Although Senator Scott’s plan is dead on arrival, the problem is it arrived in the first place. It’s not about getting Republican senators elected; it’s about Rick Scott.

And what about Rick Scott? As I mentioned above, before getting into government, Scott was a “businessman.” He co-founded Columbia Hospital Corporation in 1987. Columbia later merged with another corporation to form Columbia/HCA, which eventually became the nation’s largest private for-profit health care company with Scott as Chief Executive. According to The New York Times, “[in] less than a decade, Mr. Scott had built a company he founded with two small hospitals in El Paso into the world’s largest health care company – a $20 billion giant with about 350 hospitals, 550 home health care offices and scores of other medical businesses in 38 states.”

Sounds good, right? Quite the businessman.

But there were problems. In March of 1997, the FBI, the IRS, and the Department of Health and Human Services arrived with search warrants. Four months later, Scott was forced to resign by his Board. He didn’t leave willingly, but when he did, he left with a settlement of $9.88 million and 10 million shares of stock worth $350 million. Columbia/HCA pleaded guilty to 14 felonies and agreed to a $600+ million fine in what was at the time the largest health care fraud settlement in U.S. history.

The company admitted to systematically overcharging the government by claiming marketing costs as reimbursable, by striking illegal deals with home care agencies, and by filing false data about use of hospital space. It also admitted to fraudulently billing Medicare and other health programs by inflating the seriousness of diagnoses and to giving doctors partnerships in company hospitals as a kickback for the doctors referring patients to HCA. It filed false cost reports, fraudulently billing Medicare for home health care workers, and paid kickbacks in the sale of home health agencies and to doctors to refer patients. In addition, it gave doctors “loans” never intending to be repaid, free rent, free office furniture, and free drugs from hospital pharmacies.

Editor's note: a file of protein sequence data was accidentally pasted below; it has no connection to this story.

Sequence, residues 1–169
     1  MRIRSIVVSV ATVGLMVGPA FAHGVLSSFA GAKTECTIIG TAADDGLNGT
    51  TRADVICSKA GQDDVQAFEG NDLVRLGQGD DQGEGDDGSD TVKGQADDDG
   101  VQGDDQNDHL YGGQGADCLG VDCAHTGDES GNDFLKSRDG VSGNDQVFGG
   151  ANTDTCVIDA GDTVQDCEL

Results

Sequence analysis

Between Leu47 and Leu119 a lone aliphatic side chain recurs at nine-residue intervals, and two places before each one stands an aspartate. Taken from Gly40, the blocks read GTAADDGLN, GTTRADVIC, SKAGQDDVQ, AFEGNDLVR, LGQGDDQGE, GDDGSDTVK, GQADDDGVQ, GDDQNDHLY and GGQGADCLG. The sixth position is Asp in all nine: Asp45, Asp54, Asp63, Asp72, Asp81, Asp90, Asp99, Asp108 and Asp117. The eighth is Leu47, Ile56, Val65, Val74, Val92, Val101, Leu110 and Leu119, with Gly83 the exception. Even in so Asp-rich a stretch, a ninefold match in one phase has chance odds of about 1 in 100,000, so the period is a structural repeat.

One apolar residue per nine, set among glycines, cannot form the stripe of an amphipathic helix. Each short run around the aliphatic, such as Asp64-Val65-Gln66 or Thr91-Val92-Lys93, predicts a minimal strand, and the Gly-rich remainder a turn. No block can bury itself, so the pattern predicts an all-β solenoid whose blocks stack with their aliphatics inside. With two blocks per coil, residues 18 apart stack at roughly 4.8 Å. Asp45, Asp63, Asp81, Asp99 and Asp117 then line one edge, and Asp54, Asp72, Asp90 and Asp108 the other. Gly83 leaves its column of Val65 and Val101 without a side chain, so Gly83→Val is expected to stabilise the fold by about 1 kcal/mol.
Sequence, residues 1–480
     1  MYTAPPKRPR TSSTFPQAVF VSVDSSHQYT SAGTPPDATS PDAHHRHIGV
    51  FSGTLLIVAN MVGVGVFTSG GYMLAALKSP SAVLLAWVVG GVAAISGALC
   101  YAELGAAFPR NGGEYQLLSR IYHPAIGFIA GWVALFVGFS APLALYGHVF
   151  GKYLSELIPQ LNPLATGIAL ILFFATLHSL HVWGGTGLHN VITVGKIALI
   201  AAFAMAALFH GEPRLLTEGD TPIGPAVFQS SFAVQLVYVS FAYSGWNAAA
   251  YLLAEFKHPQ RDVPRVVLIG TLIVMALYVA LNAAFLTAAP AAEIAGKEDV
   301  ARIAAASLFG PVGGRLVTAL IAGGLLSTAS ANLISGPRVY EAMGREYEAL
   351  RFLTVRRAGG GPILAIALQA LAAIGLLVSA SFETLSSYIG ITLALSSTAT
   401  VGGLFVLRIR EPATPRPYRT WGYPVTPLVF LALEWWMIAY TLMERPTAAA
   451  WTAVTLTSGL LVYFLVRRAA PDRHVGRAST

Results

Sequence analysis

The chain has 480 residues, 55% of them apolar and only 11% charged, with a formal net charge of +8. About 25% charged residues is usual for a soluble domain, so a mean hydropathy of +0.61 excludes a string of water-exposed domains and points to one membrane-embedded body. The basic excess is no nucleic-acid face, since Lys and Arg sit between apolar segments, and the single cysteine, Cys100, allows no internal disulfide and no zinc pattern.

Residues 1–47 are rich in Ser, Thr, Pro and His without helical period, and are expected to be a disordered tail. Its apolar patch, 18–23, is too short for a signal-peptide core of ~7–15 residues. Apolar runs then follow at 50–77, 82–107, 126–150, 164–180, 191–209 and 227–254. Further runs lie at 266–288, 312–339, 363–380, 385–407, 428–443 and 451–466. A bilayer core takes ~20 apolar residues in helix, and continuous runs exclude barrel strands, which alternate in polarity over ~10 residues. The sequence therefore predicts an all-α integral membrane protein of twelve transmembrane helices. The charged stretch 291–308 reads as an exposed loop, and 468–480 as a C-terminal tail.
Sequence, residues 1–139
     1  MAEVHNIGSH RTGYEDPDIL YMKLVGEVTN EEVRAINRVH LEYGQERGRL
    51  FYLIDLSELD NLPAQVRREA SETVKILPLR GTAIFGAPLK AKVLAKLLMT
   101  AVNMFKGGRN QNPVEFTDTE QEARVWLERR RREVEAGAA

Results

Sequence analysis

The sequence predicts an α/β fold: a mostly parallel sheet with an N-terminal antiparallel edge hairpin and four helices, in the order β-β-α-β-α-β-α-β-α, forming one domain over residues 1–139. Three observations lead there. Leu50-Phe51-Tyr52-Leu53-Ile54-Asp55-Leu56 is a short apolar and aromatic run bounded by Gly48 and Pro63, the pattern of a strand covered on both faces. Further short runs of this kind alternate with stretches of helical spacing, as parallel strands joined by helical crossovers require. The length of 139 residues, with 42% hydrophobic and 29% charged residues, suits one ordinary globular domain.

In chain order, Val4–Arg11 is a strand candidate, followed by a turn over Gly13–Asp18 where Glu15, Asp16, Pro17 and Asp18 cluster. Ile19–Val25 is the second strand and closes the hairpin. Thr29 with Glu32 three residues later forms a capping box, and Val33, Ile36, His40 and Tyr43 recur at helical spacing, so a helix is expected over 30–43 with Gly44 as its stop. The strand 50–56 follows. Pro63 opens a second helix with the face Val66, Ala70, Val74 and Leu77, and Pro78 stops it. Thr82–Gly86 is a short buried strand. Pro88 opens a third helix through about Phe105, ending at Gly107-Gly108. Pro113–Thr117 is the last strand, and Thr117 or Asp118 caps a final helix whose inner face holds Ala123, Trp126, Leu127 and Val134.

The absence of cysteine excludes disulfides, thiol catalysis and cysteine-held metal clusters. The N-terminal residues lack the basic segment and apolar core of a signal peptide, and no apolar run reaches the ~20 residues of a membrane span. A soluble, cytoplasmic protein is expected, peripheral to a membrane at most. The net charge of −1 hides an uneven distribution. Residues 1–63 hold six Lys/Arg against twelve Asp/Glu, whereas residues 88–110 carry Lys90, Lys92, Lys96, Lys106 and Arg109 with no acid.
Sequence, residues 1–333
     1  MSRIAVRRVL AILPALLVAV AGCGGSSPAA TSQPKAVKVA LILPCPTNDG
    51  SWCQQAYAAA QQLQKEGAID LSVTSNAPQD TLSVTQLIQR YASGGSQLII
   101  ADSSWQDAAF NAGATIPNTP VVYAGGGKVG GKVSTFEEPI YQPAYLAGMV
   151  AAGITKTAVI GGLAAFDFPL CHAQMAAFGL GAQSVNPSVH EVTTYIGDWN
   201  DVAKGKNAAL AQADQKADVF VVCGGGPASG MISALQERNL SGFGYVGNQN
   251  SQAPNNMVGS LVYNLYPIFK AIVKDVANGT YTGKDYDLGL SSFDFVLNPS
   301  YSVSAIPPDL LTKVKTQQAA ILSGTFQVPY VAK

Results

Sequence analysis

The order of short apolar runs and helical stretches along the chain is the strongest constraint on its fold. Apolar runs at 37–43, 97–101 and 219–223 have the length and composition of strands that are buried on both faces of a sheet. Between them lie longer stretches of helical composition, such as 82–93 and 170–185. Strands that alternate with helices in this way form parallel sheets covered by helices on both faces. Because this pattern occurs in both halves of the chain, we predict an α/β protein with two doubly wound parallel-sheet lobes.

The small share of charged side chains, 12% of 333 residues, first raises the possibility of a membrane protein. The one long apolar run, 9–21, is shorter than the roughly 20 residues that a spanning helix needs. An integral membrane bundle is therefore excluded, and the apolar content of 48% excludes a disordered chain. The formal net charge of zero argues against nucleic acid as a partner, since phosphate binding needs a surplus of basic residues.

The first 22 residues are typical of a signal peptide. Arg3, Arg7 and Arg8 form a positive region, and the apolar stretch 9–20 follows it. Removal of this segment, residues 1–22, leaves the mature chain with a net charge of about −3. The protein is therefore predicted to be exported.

And that’s not all. In 2002, HCA agreed to pay the federal government an additional $631 million, plus interest, and $17.5 million to state Medicaid agencies, in addition to $250 million paid up to that point to resolve outstanding Medicare expense claims. The entire fiasco cost the company $1.7 billion. Nobody went to jail.

All on Senator Scott’s watch.

There’s one last twist. In a civil suit deposition connected to the case (there were a lot of civil lawsuits), Senator Scott invoked his 5th Amendment rights 75 times.

Somehow, all of that has been forgotten, and Scott has managed to be a governor, a Senator, and, I’m guessing, a man, a businessman, who has his eyes on the biggest prize of all, the one up for grabs in 2024.

Rescue Plan, indeed.

*Capone was a nationally famous, Chicago-based killer and crime boss who went to prison in 1931 for tax evasion.

The Earth Is Moving Under Medicare And The Price Of Drugs ― But Slowly.

Friday, November 4th, 2022

Prologue

This is a story, 16 years in the making, of government-enabled corporate greed. It’s complicated and somewhat dense. It has to be to go on that long. It’s a story of how one industry, the Pharmaceutical industry, has done Olympian good while achieving Titanic profit, which has been surgically excised, Midas-like, from the hides of American taxpayers who never felt the touch. The story ends with a different way, a better way, but a way we common folk won’t likely see.

The story

Medicare Part D, a prescription drug benefit plan for Medicare beneficiaries, became law on 1 January 2006 under the George W. Bush administration and a Republican controlled Congress. The legislation was enacted with no funding provisions whatsoever. Since then, Washington politicians have been arguing over whether this government program should be allowed to negotiate with pharmaceutical companies the prices it pays for drugs its members need. Medicare beneficiaries, all 64 million of them, and the public at large, have overwhelmingly supported such a move. Over the years, pharmaceutical companies have spent a king’s ransom donating to politicians to secure―should we say “buy?”―their votes in opposition.

What’s been the result?

  • A study published recently in the Journal of the American Medical Association concluded more than a quarter (27.2%) of Medicare spending is now for prescription drugs;
  • That would be $180 billion, as reported by the Medicare Payment Advisory Commission for 2020;
  • According to the Kaiser Family Foundation, the total we in the US spent on prescription drugs in 2017 was $333 billion; and,
  • The Rand Corporation studied and compared US prices to 32 other OECD countries (The Organization for Economic Cooperation and Development – the most developed nations) and reported our prices are “nearly twice those of other countries after adjusting U.S. prices downward to account for rebates and other discounts paid by drug companies.”